An investor in the failed retailer Andrea Moore has complained to the market watchdog about a capital raising the company undertook 18 months before its collapse.

Andrea Moore & Co was put into liquidation by its shareholders on January 8 and was also placed into receivership by secured creditor the BNZ on the same day.

Directors Andrea Moore and partner Brian Molloy attributed the demise of the women's fashion retailer to large-scale construction and traffic roadworks outside five of its seven stores and the late delivery of a significant amount of stock.

But an initial receivers report released by McGrathNicol in March found the clothing chain had "significantly overstated" the value of inventory on its balance sheet and in its stock system.

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Now a six-monthly report by the liquidators Insolvency Management has revealed the company is also the subject of a complaint to the Financial Markets Authority.

"We are aware a complaint has been filed with the Financial Markets Authority (FMA) regarding the capital raising.

"As yet we have not had any communication from the FMA regarding this complaint
and are anticipating further information on this matter," liquidators Keith Harris and Wayne Deuchrass said in their report.

Harris told the Herald today that an investor had filed the complaint.

An FMA spokesman confirmed it had received a complaint but would not say what it was about, citing confidentiality.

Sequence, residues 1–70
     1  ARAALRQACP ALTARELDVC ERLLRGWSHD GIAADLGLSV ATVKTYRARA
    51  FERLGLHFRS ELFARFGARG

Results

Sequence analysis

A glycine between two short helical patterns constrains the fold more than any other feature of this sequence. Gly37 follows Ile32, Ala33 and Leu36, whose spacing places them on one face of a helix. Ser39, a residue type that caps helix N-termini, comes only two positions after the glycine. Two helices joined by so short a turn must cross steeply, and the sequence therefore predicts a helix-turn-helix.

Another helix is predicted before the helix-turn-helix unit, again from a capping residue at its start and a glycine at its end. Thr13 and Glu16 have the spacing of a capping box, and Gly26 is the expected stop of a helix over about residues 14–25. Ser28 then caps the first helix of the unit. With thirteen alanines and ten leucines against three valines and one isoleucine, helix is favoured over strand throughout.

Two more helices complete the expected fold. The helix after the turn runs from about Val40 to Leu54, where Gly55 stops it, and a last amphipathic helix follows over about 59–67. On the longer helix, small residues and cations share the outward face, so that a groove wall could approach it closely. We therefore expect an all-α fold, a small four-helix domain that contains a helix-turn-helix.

"The FMA can confirm it has received a complaint about the Andrea Moore capital raising. All complaints are confidential."

Andrea Moore & Co raised $750,000 in August 2016 through crowdfunding website Snowball Effect.

At the time it said 2016 revenue was $4 million and pre-tax earnings were $300,000, while for 2017 revenue was forecast to grow to $4.8 million and earnings before interest, depreciation and amortisation (ebitda) to $600,000.

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The funds raised were to be used for working capital and fund its expansion, including selling its I AM range in 30 Farmers stores.

New shareholders were offered rewards including gift certificates, shareholder events and tickets to New Zealand Fashion Week for buying into the business.

The company also said over the longer term it was aiming to provide value to shareholders in the form of dividends and capital value appreciation.

The liquidators report shows there have been 43 creditor claims so far to the value of $2.49m of which $2.08m was from six secured creditors.

Harris said the final receivers report had yet to be released but was likely to come out soon.

The receivers have reported there will be no funds available for unsecured creditors.

The liquidators said they were unable to say when the liquidation would be completed due to matters including the FMA complaint and they were awaiting the receivers to finalise the receivership.